In addition to specific PL-binding, electrostatic forces have also been shown to direct protein-lipid interaction on the membrane interface (4). This type of interaction generally involves the more abundant species of acidic phospholipids such as PS, phosphatidylinositol (PI) and phosphatidylinositol 4,5-bisphosphate (PIP2) and a polybasic motif of the protein. Binding of the protein is controlled by the charge density on the membrane surface that can be modified, e.g., by hydrolysis of PIP2 or redistribution of PS between the inner and outer layer of the plasma membrane (5). However, protein association or dissociation can also occur without any change in the membrane PL composition by altering the charge density on the protein via phosphorylation or protein-protein interaction, as has been demonstrated in detail for the PKC substrate myristoylated alanine-rich C-kinase substrate (MARCKS) (6). Recently, several studies addressed the role of electrostatic interactions in the intracellular localization of signaling proteins such as Src kinases or the small GTPases K-Ras, Rac1, RhoB and other members of the Rab and Arf family (5,7,8,9).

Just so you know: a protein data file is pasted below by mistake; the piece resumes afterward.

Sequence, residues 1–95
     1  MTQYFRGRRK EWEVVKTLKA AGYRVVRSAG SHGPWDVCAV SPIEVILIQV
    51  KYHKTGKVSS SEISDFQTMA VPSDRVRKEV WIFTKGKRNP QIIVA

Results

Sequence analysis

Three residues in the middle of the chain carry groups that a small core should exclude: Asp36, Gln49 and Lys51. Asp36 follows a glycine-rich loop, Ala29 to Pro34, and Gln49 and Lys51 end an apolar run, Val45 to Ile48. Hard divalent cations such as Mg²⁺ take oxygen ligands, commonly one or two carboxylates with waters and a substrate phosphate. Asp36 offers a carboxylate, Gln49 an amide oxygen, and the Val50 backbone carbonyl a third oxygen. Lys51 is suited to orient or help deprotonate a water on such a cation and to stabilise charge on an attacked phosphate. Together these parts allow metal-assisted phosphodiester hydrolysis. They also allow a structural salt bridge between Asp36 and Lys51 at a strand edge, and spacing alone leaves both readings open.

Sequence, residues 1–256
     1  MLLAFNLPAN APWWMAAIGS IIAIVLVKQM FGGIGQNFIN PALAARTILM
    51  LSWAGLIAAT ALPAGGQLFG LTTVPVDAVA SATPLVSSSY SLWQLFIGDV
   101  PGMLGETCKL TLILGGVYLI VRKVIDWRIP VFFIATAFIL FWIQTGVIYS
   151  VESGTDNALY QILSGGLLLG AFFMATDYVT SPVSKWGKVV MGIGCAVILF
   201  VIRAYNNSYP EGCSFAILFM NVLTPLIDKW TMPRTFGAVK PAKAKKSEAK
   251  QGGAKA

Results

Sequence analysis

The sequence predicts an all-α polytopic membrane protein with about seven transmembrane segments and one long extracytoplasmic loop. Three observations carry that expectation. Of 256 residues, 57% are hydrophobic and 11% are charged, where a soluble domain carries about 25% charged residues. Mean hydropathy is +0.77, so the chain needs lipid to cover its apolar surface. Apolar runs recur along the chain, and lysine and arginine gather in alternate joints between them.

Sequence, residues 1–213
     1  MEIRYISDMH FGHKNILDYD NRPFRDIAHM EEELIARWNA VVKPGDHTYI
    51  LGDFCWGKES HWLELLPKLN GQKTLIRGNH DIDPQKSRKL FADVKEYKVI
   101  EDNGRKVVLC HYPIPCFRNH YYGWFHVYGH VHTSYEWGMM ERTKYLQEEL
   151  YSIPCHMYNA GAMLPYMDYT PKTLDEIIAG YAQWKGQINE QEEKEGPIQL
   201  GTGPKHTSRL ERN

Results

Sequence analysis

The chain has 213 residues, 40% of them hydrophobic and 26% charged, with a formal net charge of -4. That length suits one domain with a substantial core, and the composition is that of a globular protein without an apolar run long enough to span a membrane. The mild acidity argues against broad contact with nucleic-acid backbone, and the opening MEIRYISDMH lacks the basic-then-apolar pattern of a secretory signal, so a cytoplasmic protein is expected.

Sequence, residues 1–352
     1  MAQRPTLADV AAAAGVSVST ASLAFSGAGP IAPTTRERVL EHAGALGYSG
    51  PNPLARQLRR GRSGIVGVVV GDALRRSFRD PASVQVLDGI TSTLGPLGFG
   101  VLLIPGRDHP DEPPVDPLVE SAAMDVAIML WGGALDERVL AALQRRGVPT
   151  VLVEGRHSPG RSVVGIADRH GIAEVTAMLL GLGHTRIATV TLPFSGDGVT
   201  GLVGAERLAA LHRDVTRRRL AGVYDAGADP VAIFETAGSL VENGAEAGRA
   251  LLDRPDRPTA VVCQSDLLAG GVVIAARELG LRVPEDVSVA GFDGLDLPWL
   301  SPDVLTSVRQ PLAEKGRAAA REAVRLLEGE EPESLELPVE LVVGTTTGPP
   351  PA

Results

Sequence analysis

Small GTPases demonstrate a relatively weak intrinsic ability to hydrolyze GTP that can be significantly enhanced by GTPase activating proteins (GAPs). There are many potential GAPs for each subfamily of the small GTPases but those acting on Rho family proteins are especially numerous (10,11). In addition to the conserved GAP catalytic domain, these proteins contain a variety of other domains that mediate additional protein interactions or confer additional levels of regulation upon individual GAPs (12).
Several GAPs specific for the Arf subfamily of small GTPases were shown to be regulated by PLs. These include highly specific interactions with and enhancement of the ArfGAP activity by PIP3 or defined isoforms of PIP2 (13-15). Recently we have reported a different type of regulation of a GAP by PLs. Thus, the substrate preference of p190A, a GAP specific for the small GTPases Rho and Rac, is changed by exposure to acidic PLs such as PS, PI or PIP2 (16). In the present report we identify the region of p190A responsible for the PL effect and show that the lipid association and substrate specificity of p190A are regulated by electrostatic forces, and can be reversibly altered by phosphorylation by protein kinase Cα (PKC).